In his book, The Epic of America, James Truslow Adams became the first to coin the term “American Dream” and define it.
“The American Dream is that dream of a land in which life should be better and richer and fuller for everyone, with opportunity for each according to ability or achievement. It is not a dream of motor cars and high wages merely, but a dream of social order in which each man and each woman shall be able to attain to the fullest stature of which they are innately capable, and be recognized by others for what they are, regardless of the fortuitous circumstances of birth or position.”
Moving up is at the heart of the American Dream, yet ironically we rank below most other developed countries in class mobility. If you’re born poor in America, you are very likely to stay poor.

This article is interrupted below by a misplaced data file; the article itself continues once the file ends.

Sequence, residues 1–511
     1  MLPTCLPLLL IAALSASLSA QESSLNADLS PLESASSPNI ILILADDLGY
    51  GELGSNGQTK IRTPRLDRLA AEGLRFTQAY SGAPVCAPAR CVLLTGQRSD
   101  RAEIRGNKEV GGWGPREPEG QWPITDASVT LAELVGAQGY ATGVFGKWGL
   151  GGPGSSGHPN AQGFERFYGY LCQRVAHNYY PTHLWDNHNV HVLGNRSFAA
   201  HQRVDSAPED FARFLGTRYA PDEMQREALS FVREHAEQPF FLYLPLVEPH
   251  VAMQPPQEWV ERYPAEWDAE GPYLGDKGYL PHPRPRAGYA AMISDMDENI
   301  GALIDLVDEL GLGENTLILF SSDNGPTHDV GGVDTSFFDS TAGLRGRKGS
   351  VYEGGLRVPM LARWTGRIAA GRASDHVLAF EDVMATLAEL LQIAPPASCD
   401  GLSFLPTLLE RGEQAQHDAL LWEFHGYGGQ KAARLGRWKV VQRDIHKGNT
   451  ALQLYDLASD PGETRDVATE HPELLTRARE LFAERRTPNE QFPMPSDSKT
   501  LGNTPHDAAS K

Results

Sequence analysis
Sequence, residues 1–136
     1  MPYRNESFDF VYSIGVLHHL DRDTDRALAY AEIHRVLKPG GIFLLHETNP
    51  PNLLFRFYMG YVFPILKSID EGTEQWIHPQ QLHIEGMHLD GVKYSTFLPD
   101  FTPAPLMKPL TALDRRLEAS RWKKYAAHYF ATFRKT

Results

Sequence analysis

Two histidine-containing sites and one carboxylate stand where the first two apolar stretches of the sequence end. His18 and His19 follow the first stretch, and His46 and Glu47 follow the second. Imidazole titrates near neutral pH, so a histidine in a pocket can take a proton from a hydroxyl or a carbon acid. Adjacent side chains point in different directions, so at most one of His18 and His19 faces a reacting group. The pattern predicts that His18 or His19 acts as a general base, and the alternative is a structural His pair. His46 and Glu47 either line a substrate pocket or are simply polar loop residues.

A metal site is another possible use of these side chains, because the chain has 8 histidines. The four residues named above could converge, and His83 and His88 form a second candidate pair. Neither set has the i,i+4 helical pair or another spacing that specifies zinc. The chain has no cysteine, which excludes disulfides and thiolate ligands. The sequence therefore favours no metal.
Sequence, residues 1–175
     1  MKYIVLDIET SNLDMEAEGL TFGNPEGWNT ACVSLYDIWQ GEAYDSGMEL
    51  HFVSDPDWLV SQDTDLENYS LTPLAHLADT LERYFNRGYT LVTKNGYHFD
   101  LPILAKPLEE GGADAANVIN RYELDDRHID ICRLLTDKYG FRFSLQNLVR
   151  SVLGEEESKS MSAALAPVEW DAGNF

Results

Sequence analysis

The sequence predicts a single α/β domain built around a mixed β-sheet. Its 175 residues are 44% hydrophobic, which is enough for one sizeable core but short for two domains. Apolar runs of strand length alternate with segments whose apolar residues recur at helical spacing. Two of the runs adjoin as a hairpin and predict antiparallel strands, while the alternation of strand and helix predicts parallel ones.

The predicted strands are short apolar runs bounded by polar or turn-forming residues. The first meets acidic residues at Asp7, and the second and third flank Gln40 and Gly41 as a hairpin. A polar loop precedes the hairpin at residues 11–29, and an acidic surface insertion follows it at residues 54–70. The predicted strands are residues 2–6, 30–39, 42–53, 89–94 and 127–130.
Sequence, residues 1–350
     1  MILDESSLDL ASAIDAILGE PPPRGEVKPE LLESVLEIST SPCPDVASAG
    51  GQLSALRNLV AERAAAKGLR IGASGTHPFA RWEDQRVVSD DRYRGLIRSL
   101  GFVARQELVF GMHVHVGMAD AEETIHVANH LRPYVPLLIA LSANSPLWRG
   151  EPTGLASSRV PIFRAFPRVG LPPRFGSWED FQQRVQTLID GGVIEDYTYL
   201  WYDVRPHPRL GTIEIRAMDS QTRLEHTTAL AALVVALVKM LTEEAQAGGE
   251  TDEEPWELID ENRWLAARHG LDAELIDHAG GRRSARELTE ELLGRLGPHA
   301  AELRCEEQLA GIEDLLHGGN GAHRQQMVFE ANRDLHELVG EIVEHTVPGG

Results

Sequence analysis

When someone does “make it,” it is ascribed to hard work alone. But the reality is that there is always an invisible network of people, organizations, institutions, policies and services that create opportunities for that person to get ahead. In other words, we can work hard to climb the ladder, but someone has to build that ladder in the first place.
What did your ladder look like? Take 5 minutes to draw it now. What rungs did you climb to get you where you are?
Learn more about what others think is essential for achieving THE AMERICAN DREAM.